Reality:  Females are reported to have committed 60% of all forms of child abuse, whereas males are estimated to commit over 80% of sexual abuse.  Some experts argue these statistics do not adequately reflect the number of women that commit sexual but, evidently, this sexual abuse misconception is closer to the truth than some others.

Some studies suggest the high rate of male offenders is the result of adults and prosecutors being less willing to report and prosecute women for sexual abuse.  The reasons suggested are many, including that most people struggle to believe women, especially mothers, could sexually abuse a child.

Myth: "Homosexuality is a major cause of sexual abuse"

Reality:  Over 90% of child abusers are heterosexual.  Despite overwhelming evidence to this effect, many try to argue homosexuality is a root cause of sexual abuse, pointing to the few high-profile cases of homosexual pedophiles.  But, even if most pedophiles were homosexual, as some suggest, less than 10% of abuse is committed by pedophiles.

Myth: "Survivors of sexual abuse are to blame for the abuse."

Reality: It is important to emphasize that the responsibility for sexual abuse lies solely with the perpetrator. No survivor is to blame or should be blamed for the abuse they have endured. The focus should be on supporting survivors and holding perpetrators accountable.

Myth: "Sexual abuse is always accompanied by physical force."

Reality: Sexual abuse can occur without physical force or violence. Coercion, manipulation, and emotional pressure can be used to exert control over the survivor. Recognizing the various forms that sexual abuse can take is crucial for a comprehensive understanding.

Myth: "It's easy to spot a sexual predator."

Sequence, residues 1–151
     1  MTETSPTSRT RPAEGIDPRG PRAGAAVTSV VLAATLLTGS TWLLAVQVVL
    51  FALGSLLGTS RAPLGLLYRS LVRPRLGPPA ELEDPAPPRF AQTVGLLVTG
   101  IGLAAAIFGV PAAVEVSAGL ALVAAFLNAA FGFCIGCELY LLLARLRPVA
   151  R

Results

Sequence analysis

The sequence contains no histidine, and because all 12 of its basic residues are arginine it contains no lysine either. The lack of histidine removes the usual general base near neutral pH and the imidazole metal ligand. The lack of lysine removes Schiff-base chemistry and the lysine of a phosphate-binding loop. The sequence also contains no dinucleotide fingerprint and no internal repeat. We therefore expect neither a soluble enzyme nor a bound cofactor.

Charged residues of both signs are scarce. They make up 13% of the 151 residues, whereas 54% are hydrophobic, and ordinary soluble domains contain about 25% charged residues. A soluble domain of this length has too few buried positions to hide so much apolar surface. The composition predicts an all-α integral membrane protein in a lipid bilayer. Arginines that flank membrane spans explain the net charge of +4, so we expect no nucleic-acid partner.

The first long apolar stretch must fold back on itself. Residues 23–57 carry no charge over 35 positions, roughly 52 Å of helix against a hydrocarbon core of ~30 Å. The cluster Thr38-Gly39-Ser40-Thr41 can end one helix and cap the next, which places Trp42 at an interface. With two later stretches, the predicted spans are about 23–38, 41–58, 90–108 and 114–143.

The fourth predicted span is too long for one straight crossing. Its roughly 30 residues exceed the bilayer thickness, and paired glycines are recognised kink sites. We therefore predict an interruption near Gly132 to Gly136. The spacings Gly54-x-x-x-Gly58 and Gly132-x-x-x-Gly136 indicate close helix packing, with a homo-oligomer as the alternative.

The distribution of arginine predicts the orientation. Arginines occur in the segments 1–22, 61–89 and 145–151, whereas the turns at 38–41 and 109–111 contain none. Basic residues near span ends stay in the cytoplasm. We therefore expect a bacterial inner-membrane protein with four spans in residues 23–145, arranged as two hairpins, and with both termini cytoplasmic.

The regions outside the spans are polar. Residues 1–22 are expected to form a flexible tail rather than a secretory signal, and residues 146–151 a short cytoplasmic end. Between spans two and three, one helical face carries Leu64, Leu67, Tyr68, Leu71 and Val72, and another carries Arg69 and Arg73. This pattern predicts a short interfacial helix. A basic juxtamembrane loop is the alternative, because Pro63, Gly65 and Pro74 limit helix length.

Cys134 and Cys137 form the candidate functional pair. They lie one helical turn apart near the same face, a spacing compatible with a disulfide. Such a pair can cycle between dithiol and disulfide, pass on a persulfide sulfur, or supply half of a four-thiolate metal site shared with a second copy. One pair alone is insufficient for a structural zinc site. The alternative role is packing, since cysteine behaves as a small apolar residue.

Reality: If only.  It would make prevention much easier but this sexual abuse misconception is easily debunked by noting that sexual abuse by adults of children has doubled in the last ten years.

Myth: "Survivors of sexual abuse will always exhibit certain behaviors or symptoms."

Reality: The response of survivors to sexual abuse can vary significantly. Some survivors may exhibit immediate behavioral or emotional changes, while others may not display obvious symptoms for an extended period. Each survivor’s experience is unique.

Myth: "Talking about sexual abuse will only retraumatize survivors."

Reality: Open and supportive conversations about sexual abuse can be empowering for survivors. Providing a safe space for survivors to share their experiences and concerns promotes healing, raises awareness, and reduces the stigma surrounding sexual abuse.


By challenging sexual abuse misconceptions, we foster a more informed and safer environment.  By debunking myths, promoting accurate information, and encouraging open dialogue, we will create an environment where there are fewer victims, and survivors are supported, understood, and empowered. 

Please contact us if you would like to learn how we help organizations develop the information, empathy, and sensitivity needed to manage sexual abuse risk.

Creating and Maintaining a Sexual Abuse Risk-Aware Culture: A Free Ten-Step Guide

Developing a sexual abuse risk-aware culture is the single most valuable thing you can do to protect the children and vulnerable adults in your care from sexual abuse.

Our free Ten-Step Guide is a practical introduction to the system that enables any organization to establish and maintain a sexual abuse risk-aware culture. 

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Post Author

Tim Jaggs

I am a Brit who now lives just outside San Francisco.  Though I have given up arguing for “football,” not “soccer,” I am still trying to decide whether football is better to watch than rugby – it’s a very close call – and if it’s OK to admit I enjoy baseball almost as much as cricket.

I have worked with organizations managing sexual abuse risk for over 15 years. 

I created BOKRIM to help people working with children, who often have little risk management experience, to use risk management best practices to protect children from sexual abuse and protect themselves from the consequences of failing to prevent sexual abuse.